Expected Council Action
Council members will continue to monitor the intra-Syrian talks in Geneva, how the cessation of hostilities is holding and humanitarian access to hard-to-reach and besieged areas in Syria.
Special Envoy Staffan de Mistura is expected to brief in mid-April in what is now the monthly update on the implementation of resolutions 2254 on the political process and 2268 on the cessation of hostilities. Council members will also receive their regular monthly briefings on the chemical weapons and humanitarian tracks in Syria.
Key Recent Developments
On 14 March, the UN-facilitated intra-Syrian proximity talks began, after having been abruptly suspended in early February due to the government’s Aleppo offensive, backed by Russian airstrikes. Subsequently, intense diplomatic activity between Russia and the US had culminated in the agreement on a cessation of hostilities that was endorsed by the Security Council in resolution 2268.
Russia’s military activity in Syria helped the government consolidate its control of territory from Damascus north through Homs to the Latakia coastal plain ahead of peace talks. On the same day that talks in Geneva began, Russia announced a drawdown of its forces from Syria. The timing of Russia’s announcement appeared to be a clear message to the regime of President Bashar al-Assad that Russian military support was not open-ended and that the only way forward was to engage in the peace talks. On the other hand, the drawdown preserves Russia’s capabilities for rapid redeployment, maintains its capacity to strike armed opposition groups in Syria, and does not weaken its posture vis-à-vis NATO in the Mediterranean.
Russian air support for the government offensives against ISIS is ongoing and Palmyra was recaptured by 28 March. This effort is distinct from that of the US-led anti-ISIS coalition. ISIS has lost 40 percent of their territory in Iraq and 20 percent in Syria.
Also on 14 March, de Mistura briefed Council members via video teleconference from Geneva after the first day of talks. He reported that the cessation of hostilities had lowered overall levels of violence, and characterised the Russian drawdown as a significant development that would have a positive impact on the negotiations. On the issue of aerial bombardment, de Mistura said that the Syrian minister of defence had assured his Russian counterpart that Syria would not arbitrarily use weapons. In November 2015, de Mistura had reported a similar commitment made by the government directly to his office. However, that commitment was in fact a letter denying the government’s arbitrary use of weapons, saying it would never do so.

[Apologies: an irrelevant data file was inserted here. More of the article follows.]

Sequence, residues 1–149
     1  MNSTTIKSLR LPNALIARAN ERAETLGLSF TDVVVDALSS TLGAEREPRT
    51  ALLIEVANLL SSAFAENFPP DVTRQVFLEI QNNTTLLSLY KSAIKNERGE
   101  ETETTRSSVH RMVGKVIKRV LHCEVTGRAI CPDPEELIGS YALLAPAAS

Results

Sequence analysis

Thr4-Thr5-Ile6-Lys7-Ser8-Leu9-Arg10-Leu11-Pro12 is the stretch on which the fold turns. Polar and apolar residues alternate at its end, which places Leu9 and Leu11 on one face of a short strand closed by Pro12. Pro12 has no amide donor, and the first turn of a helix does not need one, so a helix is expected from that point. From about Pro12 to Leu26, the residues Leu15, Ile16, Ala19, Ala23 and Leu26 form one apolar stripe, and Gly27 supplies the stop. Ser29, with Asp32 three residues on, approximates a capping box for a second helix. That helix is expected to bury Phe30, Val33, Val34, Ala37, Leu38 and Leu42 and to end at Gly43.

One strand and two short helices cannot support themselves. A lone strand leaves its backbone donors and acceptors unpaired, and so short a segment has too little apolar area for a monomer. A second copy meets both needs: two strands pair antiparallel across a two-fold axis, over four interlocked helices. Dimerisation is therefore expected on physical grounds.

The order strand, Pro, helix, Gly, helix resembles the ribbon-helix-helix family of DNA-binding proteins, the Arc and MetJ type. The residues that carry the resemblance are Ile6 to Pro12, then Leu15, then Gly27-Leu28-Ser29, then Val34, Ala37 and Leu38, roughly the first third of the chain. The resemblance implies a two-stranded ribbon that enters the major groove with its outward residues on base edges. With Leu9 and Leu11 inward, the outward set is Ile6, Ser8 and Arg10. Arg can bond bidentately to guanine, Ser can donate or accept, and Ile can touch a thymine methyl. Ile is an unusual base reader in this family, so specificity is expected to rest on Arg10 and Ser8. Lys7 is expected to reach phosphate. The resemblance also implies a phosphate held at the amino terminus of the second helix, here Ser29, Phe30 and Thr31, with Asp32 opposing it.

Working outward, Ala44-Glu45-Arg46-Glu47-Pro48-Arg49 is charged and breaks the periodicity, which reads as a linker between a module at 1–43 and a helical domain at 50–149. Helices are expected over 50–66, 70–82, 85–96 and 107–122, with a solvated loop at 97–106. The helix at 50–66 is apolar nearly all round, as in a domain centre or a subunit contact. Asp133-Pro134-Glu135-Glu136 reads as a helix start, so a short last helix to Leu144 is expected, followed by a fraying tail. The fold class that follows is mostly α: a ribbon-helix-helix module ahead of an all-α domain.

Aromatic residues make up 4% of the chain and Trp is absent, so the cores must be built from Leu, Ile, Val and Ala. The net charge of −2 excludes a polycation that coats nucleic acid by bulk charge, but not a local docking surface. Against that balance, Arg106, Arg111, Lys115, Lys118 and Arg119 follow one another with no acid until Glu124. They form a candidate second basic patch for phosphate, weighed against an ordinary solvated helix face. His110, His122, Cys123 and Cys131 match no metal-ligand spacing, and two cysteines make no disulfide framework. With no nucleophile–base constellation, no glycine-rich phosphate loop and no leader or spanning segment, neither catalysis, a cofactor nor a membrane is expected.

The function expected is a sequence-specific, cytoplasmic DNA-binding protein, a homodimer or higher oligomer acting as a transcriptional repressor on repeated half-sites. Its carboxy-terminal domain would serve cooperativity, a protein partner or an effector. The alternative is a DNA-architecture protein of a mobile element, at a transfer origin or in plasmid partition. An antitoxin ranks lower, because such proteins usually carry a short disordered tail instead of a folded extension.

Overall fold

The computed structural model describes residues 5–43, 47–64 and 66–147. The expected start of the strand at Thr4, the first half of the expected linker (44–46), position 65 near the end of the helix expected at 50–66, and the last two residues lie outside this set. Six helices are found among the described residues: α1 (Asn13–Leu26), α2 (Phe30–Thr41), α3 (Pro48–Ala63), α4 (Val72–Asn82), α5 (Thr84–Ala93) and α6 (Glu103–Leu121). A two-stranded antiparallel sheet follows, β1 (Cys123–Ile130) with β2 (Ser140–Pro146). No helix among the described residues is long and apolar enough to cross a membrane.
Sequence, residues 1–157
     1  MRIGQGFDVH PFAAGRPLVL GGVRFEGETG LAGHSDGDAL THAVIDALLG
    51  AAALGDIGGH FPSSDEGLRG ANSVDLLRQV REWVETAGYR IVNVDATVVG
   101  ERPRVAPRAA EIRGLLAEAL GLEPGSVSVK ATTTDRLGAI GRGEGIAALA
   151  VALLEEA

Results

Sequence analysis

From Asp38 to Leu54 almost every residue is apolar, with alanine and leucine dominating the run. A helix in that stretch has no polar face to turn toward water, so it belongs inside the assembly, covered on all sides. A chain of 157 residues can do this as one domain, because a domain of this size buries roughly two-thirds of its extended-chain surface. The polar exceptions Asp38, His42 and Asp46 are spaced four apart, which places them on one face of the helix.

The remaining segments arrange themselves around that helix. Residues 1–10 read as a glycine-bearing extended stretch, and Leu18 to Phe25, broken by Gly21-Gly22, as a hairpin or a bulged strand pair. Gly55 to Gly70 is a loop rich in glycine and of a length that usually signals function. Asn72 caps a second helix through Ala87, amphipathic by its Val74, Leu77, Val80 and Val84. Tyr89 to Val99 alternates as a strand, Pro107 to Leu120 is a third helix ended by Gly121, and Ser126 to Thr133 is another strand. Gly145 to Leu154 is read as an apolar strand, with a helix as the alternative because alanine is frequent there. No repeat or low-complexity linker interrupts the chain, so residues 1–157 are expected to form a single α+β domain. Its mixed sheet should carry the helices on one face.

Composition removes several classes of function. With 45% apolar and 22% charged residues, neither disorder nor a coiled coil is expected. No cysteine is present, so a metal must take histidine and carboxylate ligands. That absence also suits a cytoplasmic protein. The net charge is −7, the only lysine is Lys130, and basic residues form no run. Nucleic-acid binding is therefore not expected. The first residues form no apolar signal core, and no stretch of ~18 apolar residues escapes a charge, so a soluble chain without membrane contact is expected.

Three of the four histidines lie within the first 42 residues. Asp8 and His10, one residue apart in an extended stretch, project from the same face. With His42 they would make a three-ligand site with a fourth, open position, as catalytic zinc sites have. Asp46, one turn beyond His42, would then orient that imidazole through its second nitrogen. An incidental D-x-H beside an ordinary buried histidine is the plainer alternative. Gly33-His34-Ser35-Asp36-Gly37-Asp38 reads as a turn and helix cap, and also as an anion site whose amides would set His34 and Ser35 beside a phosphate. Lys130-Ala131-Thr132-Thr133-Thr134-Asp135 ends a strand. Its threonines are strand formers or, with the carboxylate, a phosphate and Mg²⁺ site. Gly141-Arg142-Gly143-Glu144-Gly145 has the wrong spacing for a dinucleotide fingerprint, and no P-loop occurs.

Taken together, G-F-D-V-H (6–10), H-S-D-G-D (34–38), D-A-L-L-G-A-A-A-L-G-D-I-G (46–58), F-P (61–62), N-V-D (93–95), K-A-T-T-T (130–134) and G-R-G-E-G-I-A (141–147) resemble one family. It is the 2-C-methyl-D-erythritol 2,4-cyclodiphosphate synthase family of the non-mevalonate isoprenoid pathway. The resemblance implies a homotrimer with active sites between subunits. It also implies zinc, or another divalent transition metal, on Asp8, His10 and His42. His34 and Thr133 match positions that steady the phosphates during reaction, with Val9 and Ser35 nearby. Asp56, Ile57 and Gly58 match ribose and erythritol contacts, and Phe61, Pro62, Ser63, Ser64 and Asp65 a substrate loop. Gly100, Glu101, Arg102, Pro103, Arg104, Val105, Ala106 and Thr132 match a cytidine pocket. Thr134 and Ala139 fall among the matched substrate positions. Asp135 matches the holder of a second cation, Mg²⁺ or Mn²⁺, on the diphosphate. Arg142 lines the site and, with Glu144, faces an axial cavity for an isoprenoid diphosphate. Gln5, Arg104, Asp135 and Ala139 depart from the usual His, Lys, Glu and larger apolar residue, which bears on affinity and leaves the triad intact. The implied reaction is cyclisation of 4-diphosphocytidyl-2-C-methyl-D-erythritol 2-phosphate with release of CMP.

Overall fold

Regarding the participation of Syrian Kurdish groups, particularly the Democratic Union Party (PYD), in the intra-Syrian talks, it seems that de Mistura sought Council members’ guidance on whether to include the PYD. The issue has gained increasing prominence in light of the 17 March decision by Kurdish groups to establish a federal system of governance in areas they control along the northern border. Even prior to this decision, the PYD’s participation has been resisted by Turkey, which opposes any Kurdish separatist movements along its border. The Riyadh-based umbrella Syrian opposition group, the High Negotiations Committee, which controls much less territory, has signalled the need for de-centralised governance, but does not support a federal structure. Meanwhile, the Syrian government has rejected the concept and is frustrated by Russia’s support of a federal structure for Syria.
The first round of talks ended on 24 March. As with previous rounds of talks in 2012 and 2014, the UN mediator hit an impasse over the issue of political transition and the fate of Assad. Addressing the issue of presidential elections within 18 months, as endorsed in resolution 2254, was not acceptable to the government, which continues to argue that discussion of presidential elections is premature. In an unusually strong statement, de Mistura said that what premature means for Syria means imminent as far is the UN is concerned.
Unlike in 2012 or 2014, Russia and the US have invested more political capital in the success of these talks. US Secretary of State John Kerry met with Russian President Vladimir Putin and Russian Foreign Minister Sergei Lavrov on 24 March. There was general agreement that both Russia and the US would use their influence with the parties to support the cessation of hostilities, expand humanitarian access, stop attempts to gain additional territory, and work toward the release of detainees. On the issue of Assad, Kerry said he believed Russia would help Assad make the right decision and commit fully to the talks and a genuine transition. Lavrov was more circumspect, commenting that the process should end with Syrians agreeing on how they want to see their country. The next day, Russia’s deputy foreign minister said that Russia and the US had agreed that the issue of Syria’s president should not be on the agenda at this stage. De Mistura’s 24 March paper that describes commonalities between the parties references elections, but there is no specific reference to presidential elections.